Today, Steve Ballmer is a billionaire and owner of the NBA's Los Angeles Clippers with a net worth of $28.5 billion. But back when the now 62-year-old was 24, he dropped out of the MBA program at Stanford to take a job at his former Harvard classmate Bill Gates' new company Microsoft. It was a gamble that clearly paid off, but not before it totally scared his parents. After all, he had an undergrad degree from Harvard, was getting his MBA at Stanford, and was throwing it all away to take a $50,000 a year job as an assistant.
Ballmer was no dummy. He saw an opportunity and grabbed it. Plus, he was a smarty pants. He was the valedictorian of his high school class and graduated from Harvard magna cum laude. After college he worked at Proctor and Gamble as an assistant product manager for two years. Then he enrolled at Stanford to pursue his MBA. Less than a year into the program, he left to join Microsoft.
His dad didn't get it. His mom didn't get it. His dad wanted to know what software was. His mom didn't see why anyone would ever need a computer. They wanted to be reassured that if his newfangled job at this tech startup they didn't understand did not work out that he'd go back and finish his MBA. Steve assured him that he would. Of course, he never did.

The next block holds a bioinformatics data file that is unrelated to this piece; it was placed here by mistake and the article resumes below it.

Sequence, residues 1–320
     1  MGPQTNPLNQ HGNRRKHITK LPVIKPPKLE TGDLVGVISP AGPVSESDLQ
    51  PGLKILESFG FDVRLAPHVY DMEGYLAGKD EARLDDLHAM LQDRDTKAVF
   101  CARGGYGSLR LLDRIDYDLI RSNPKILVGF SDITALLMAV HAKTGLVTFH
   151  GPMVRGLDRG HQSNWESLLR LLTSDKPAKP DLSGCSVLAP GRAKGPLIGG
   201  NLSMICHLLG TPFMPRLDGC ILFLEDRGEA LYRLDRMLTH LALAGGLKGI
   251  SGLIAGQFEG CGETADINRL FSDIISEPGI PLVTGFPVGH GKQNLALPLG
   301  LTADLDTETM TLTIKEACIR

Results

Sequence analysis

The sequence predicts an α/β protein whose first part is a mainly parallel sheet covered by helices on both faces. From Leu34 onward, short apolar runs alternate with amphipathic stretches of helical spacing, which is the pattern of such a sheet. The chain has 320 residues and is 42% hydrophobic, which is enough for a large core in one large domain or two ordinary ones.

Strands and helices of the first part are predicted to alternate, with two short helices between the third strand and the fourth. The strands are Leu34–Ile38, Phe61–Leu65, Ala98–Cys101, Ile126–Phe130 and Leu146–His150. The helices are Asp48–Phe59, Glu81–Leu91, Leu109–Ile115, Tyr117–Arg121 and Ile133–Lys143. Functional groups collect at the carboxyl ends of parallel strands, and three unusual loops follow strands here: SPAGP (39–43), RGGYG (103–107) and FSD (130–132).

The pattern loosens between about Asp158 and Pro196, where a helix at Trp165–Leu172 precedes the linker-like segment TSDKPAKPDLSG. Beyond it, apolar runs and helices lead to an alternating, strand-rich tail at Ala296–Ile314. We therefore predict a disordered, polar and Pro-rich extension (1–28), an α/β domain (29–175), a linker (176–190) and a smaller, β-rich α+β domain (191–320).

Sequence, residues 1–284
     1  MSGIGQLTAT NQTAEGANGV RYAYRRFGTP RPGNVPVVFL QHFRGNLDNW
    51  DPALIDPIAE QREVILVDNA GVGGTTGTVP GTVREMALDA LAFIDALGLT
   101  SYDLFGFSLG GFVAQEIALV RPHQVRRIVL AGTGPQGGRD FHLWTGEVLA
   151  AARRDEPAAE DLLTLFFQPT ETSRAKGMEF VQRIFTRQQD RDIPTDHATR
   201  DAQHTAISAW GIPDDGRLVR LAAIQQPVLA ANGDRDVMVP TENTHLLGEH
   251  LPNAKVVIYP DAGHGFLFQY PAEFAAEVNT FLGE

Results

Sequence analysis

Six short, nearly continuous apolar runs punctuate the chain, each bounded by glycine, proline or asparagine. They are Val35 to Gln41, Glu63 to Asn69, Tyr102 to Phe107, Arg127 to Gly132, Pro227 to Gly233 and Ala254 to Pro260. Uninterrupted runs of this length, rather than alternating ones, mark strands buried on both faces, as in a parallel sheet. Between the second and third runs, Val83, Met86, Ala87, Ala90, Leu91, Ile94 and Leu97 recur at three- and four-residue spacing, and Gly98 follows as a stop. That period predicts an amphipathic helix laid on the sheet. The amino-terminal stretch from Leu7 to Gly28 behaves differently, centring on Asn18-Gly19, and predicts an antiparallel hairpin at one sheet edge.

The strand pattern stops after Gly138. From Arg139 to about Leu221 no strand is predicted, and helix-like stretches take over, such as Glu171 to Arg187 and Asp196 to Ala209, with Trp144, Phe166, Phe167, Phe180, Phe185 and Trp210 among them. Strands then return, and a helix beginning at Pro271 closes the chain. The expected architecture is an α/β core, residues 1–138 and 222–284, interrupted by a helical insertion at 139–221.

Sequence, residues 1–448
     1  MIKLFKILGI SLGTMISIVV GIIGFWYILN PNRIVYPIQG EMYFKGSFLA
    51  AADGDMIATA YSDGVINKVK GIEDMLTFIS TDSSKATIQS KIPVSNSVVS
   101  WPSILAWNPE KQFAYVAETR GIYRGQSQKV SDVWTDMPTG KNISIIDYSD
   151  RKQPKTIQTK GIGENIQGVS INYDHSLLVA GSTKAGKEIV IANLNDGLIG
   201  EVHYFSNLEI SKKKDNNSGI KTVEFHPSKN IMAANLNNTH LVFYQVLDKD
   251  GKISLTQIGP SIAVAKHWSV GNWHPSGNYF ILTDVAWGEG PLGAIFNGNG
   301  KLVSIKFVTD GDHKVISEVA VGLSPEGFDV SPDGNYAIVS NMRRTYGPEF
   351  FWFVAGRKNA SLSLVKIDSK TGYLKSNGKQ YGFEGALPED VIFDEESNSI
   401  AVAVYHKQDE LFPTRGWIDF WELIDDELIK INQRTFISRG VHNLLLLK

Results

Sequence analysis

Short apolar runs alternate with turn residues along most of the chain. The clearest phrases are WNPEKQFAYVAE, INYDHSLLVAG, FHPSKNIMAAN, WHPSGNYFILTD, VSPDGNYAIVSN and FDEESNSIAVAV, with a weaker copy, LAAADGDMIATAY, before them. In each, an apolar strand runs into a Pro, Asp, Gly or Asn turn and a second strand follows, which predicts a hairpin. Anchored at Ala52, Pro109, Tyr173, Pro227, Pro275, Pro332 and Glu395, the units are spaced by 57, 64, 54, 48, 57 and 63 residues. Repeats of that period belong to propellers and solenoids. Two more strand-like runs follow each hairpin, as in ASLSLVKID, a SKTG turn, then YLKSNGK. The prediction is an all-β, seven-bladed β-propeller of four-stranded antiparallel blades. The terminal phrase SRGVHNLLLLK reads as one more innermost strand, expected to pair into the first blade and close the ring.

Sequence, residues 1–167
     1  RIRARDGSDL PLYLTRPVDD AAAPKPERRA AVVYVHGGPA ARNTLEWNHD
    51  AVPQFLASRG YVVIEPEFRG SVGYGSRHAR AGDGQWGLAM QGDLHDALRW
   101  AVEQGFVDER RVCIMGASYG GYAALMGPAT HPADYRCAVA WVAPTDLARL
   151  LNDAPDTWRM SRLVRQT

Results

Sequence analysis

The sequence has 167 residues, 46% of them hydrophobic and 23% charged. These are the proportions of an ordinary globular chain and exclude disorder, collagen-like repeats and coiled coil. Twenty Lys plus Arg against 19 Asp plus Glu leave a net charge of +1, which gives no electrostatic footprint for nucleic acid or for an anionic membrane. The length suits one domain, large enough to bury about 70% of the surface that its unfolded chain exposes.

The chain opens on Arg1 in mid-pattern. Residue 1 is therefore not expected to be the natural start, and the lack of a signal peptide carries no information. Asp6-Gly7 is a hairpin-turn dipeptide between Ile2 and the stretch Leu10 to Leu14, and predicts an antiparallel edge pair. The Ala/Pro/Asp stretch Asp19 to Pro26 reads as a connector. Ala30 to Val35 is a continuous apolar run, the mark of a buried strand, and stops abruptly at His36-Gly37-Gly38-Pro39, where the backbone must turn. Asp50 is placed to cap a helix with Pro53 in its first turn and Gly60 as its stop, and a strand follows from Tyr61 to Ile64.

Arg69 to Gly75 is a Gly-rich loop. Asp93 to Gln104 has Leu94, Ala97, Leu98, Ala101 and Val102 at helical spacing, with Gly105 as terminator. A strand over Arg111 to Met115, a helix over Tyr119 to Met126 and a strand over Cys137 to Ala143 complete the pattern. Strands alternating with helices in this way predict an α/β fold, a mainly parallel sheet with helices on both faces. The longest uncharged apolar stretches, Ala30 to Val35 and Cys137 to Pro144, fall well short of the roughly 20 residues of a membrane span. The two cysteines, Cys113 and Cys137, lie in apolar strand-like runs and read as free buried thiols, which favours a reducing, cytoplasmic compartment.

Ballmer started off as the assistant to the president. He was Bill Gates' assistant. He set up the accounting department to be more professional. He was HR and hired everybody. For this, he was paid $50,000 and also received 5 to 10% equity in Microsoft and 10% of the profit growth he generated.
When Ballmer joined Microsoft, Gates was doing everything from coding the software to hiring employees because he would not delegate. By bringing in his college friend, he was able to let go of some of that workload and in time Ballmer taught him how to hire people rapidly and create teams and organizations.
Ballmer made himself indispensable in 1980 when he played a key role in Microsoft's negotiations with IBM. The venerable computer giant had approached Microsoft with an idea to make computers available to everyday people and wanted Gates' company's help. Ballmer closed the deal with IBM to run Microsoft's software on their new personal computers. After that, Ballmer quickly rose through the ranks at Microsoft until 1998, when Gates asked Ballmer to be president of the software giant. In 2000, he became CEO of Microsoft. Ballmer was integral in leading the company through their anti-trust legal battle, the dot-com bubble, and the launch of Xbox, acquisition of Skype, and creation of Microsoft's $20 billion enterprise business.
Ballmer led Microsoft for almost 15 years when he retired. He stepped down as CEO in 2014. He retained his 4% state in the company, which is a considerable contributor to his fortune. He is also Microsoft's largest individual shareholder.